Nicholas Oulton's picture
Affiliation: 
London School of Economics
Credentials: 
Senior Visiting Research Fellow

Voting history

ECB's quantitative easing

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Question 2:

Do you agree that the structure of the ECB's QE programme makes the Eurozone more fragile and increases the risk of one country leaving the euro?

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Answer:
Agree
Confidence level:
Very confident
Comment:
The failure once again of Eurozone countries to agree that "we are all in this together" surely makes the eventual exit of one or more countries more likely.

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Question 1:

Do you agree that the design of the ECB's QE programme reduces its effectiveness? 

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Answer:
Agree
Confidence level:
Very confident
Comment:
Would a Greek business be more likely to invest if in effect all Eurozone central banks were buying Greek government debt or if it is only the Greek central bank doing so? The answer to my question must be yes.

The Importance of Elections for UK Economic Activity

Question 2: Do you agree that the outcome of the general election will have non-trivial consequences for aggregate economic activity (employment and GDP)?

Answer:
Agree
Confidence level:
Confident
Comment:
The difference between what Labour and the Conservatives say that they will do about spending and deficits is now quite small. So if these plans are taken literally, it should not matter much which of the two major parties leads the next government. But this happy outcome could be put at risk if it is Labour in the lead since they will most likely need an accomodation with the SNP who are committed to big spending (at least in Scotland). Labour might also be tempted to follow the Gordon Brown strategy: fiscal restraint initially, then a surge in the size of the state after the 2020 election.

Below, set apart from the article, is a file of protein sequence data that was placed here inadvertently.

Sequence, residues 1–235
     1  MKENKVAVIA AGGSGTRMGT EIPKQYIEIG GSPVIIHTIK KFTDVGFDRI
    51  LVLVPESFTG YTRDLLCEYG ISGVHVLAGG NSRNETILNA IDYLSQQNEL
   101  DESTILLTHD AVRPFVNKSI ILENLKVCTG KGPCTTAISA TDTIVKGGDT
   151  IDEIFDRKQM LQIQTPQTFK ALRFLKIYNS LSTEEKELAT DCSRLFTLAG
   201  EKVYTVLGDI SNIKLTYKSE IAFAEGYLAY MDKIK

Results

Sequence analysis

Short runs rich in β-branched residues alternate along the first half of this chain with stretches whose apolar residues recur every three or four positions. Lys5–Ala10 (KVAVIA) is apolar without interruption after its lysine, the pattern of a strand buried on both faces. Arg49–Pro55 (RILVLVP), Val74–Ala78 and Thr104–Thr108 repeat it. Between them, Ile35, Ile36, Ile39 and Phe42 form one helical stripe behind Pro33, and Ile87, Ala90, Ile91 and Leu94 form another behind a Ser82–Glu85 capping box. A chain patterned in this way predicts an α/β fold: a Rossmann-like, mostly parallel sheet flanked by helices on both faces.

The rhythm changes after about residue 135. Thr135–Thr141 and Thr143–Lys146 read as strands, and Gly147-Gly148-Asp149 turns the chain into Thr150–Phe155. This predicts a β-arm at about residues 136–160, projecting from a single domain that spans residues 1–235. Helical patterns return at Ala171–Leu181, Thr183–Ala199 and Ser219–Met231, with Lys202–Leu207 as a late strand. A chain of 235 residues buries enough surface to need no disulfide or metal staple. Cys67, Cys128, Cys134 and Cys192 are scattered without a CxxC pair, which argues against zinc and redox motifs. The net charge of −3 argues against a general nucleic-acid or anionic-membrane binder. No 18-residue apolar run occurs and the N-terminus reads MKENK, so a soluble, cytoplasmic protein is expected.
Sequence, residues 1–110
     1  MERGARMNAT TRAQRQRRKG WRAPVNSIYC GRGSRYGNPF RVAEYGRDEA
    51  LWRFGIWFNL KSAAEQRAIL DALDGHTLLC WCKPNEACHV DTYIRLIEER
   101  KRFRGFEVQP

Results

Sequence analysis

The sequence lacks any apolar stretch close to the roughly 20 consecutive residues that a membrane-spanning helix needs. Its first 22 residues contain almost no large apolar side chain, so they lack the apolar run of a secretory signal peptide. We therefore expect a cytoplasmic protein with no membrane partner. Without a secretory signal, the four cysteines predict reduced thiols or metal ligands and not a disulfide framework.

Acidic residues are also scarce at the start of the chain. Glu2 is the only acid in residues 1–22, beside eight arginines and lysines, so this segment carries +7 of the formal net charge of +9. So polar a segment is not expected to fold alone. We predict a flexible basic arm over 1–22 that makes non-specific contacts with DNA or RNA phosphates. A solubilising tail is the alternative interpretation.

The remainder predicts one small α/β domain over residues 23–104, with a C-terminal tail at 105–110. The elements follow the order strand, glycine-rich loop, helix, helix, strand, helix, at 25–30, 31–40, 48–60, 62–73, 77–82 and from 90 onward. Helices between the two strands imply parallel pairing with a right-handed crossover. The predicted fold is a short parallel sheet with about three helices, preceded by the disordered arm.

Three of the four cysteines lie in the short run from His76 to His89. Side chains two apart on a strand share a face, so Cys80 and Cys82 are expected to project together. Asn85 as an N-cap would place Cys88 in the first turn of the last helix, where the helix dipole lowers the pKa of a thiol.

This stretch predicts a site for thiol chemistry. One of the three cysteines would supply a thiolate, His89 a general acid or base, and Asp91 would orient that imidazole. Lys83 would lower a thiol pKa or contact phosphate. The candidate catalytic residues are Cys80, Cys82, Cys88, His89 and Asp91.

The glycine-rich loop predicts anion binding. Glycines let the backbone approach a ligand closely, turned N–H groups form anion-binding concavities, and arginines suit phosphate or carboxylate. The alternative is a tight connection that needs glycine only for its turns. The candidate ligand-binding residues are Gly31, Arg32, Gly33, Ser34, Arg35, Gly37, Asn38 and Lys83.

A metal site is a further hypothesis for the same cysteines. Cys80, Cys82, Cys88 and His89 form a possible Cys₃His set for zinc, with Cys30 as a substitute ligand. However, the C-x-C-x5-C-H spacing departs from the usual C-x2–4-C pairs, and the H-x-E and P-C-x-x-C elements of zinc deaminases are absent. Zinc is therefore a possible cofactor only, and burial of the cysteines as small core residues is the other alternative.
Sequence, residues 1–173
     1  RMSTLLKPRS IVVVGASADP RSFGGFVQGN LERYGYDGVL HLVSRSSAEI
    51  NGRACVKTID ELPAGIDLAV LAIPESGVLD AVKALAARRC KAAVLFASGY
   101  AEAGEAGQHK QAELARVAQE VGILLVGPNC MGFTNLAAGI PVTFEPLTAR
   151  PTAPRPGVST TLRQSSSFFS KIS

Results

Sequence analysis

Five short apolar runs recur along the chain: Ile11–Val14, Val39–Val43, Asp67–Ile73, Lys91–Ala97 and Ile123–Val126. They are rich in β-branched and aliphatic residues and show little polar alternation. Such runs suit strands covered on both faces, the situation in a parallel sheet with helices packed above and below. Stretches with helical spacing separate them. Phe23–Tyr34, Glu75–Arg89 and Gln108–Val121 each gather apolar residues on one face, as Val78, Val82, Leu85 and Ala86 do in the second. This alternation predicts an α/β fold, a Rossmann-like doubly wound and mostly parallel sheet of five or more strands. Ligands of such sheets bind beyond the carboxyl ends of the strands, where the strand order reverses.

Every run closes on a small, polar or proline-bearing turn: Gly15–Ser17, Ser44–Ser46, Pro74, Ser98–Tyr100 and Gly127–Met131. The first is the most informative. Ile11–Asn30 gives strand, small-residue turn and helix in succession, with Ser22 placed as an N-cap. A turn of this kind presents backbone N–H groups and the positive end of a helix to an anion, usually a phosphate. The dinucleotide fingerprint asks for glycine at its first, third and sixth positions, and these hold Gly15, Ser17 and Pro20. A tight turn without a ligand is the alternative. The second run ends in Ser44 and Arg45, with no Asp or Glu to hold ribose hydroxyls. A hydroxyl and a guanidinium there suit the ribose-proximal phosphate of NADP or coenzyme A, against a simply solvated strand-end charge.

Question 1: Do you agree that the austerity policies of the coalition government have had a positive effect on aggregate economic activity (employment and GDP) in the UK?

Answer:
Agree
Confidence level:
Very confident
Comment:
The fact of the matter is that "austerity" has been greatly exaggerated. In every year from 2010 to 2013 real current expenditure on goods and services by general (local plus central) government has been higher than in any previous year. In 2013 it was 5% higher than in the last year of the boom, 2007. The much smaller total of investment by general government was cut a bit after the coalition came to power but is now much higher than it was during most of the Labour years. The budget deficit is a good deal higher than in anti-austerity France. Of course one can always argue that the government should have followed a still more expansionary fiscal policy (its monetary and exchange rate policies were also expansionary). But at some point any government would have had to get a grip on the deficit and the rising debt-GDP ratio, unless one believes that debts don't matter since they can always be inflated away. The financial crisis dealt a huge blow to the UK economy. But unemployment is now pretty low and still falling while employment is up.Productivity, for reasons not yet understood, has not recovered. But it is not clear how this would have been improved by additional government spending.

Transparency and the Effectiveness of Monetary Policy following the Warsh Review at the Bank of England

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Question 2: Do you agree that the Bank's proposal to release the policy decision, MPC minutes and (once a quarter) the Inflation Report all at the same time justifies a change in the structure of MPC meetings from two consecutive days to a process in which in the MPC meetings are spread out over seven days?
 
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Answer:
Agree
Confidence level:
Confident
Comment:
In agreeing with the question I am assuming that the frequency of meetings will be reduced from 12 to 8 per year (except in emergencies). A reduction in frequency is a good idea in itself as monthly meetings encourage over-interpretation of news. They are also a treadmill for the staff.

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